Since 1st April this year, all tenancies in England have been covered by the Electrical Safety Standards in the Private Rented Sector (England) Regulations 2020. As the name suggests, the regulations set out electrical safety requirements for private sector landlords.

The regulations apply to all standard tenancies

Schedule 1 of the regulations sets out a list of exemptions to these regulations. Probably the only one of interest to landlords is the one relating to lodgers. It is, however, worth noting that short-term lets are effectively excluded from these requirements. This is because it is considered to be commercial property rather than private rented property.

New-build properties are guaranteed to be compliant

All new-build properties (and rewired properties) should come with an Electrical Installation Certificate giving them a clean bill of electrical health. This is valid for five years after the date of issue.

Houses in Multiple Occupation are covered by the regulations

The new regulations supersede the electrical safety requirements set out in The Management of Houses in Multiple Occupation (England) Regulations 2006. The regulations also amend The Housing Act 2004 to make compliance with these regulations a requirement of HMO licencing.

The regulations mandate electrical testing every five years

More accurately, the regulations mandate electrical testing at least every five years. Landlords are perfectly free to test more often if they so wish. For example, they could do so during a change of tenancy.

Tests must be carried out by a “qualified and competent” person. Landlords must supply a copy of the test report to existing tenants within 28 days of it being completed.

They must also supply a copy to any new tenants within 28 days of them moving into the property. If requested, they must provide a copy to potential tenants and/or to their local authority.

The report must be made available to the person who next inspects the property. The next inspection must be undertaken by the date specified on the current report.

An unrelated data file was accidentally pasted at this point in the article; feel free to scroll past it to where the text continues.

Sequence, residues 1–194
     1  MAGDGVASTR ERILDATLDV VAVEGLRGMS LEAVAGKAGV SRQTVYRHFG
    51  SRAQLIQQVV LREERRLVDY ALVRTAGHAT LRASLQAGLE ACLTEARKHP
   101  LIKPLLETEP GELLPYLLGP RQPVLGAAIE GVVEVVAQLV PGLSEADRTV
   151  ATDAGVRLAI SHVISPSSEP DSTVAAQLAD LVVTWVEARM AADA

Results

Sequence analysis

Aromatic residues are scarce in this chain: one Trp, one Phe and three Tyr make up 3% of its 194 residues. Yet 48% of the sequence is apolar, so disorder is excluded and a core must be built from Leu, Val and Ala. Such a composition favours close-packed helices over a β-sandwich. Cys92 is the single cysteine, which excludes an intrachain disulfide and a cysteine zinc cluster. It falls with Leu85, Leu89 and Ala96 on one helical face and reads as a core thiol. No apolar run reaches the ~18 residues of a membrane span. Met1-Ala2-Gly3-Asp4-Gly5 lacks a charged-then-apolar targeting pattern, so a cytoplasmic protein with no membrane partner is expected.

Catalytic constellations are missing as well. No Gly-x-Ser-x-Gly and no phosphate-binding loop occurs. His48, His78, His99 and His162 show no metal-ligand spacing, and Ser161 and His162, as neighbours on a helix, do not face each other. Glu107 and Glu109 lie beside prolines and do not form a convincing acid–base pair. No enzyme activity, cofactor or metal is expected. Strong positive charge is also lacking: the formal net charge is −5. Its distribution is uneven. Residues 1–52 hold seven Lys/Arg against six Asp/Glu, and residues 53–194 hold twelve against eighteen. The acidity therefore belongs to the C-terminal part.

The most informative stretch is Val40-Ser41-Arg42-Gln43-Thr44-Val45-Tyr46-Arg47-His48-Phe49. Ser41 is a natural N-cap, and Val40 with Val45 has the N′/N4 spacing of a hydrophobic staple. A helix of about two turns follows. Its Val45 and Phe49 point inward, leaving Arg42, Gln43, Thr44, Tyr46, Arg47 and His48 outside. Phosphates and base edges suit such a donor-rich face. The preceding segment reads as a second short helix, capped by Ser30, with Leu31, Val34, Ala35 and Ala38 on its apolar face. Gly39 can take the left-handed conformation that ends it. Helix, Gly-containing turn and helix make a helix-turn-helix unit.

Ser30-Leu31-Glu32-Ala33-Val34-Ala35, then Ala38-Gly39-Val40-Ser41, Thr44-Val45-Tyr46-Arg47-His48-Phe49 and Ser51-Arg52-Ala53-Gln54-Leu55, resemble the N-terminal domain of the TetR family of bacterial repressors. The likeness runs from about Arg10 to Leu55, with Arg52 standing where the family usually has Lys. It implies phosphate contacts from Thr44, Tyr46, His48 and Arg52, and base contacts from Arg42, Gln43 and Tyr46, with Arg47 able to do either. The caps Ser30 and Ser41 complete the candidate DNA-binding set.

Any remedial work must be undertaken promptly

Remedial work (and further investigation) must be undertaken in at most 28 days. If the report specifies a shorter period for compliance, then the landlord must respect this. The landlord must provide their tenants and local authority with documentary proof that the remedial work has been completed. This must be provided within 28 days of completion of the works.

Landlords only have to act on hazards identified as:

  • Code 1 (C1): Danger present
  • Code 2 (C2): Potentially dangerous.
  • Further Investigation (FI): Further investigation required without delay.

Inspectors may also issue Code 3 (C3): Improvement recommended. Landlords do not have to act on this to satisfy the regulations. They may, however, need to act on it to satisfy their insurers.

Finding a ‘qualified and competent person’

The electrical safety industry is now offering competent person schemes. Membership of these is, however, voluntary. At present, it is unclear how many electricians will sign up for them. Landlords can also request an electrician self-certify their competency. They can do this by making a signed declaration of their qualifications, experience and insurance.

Author Bio

Simon Hardingham is the sales manager of Manchester estate agents; Indlu. Indlu 3 months free full management on property lettings as well as a free rental valuation tool to find out how much your house is worth.

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Daniel Peacock.

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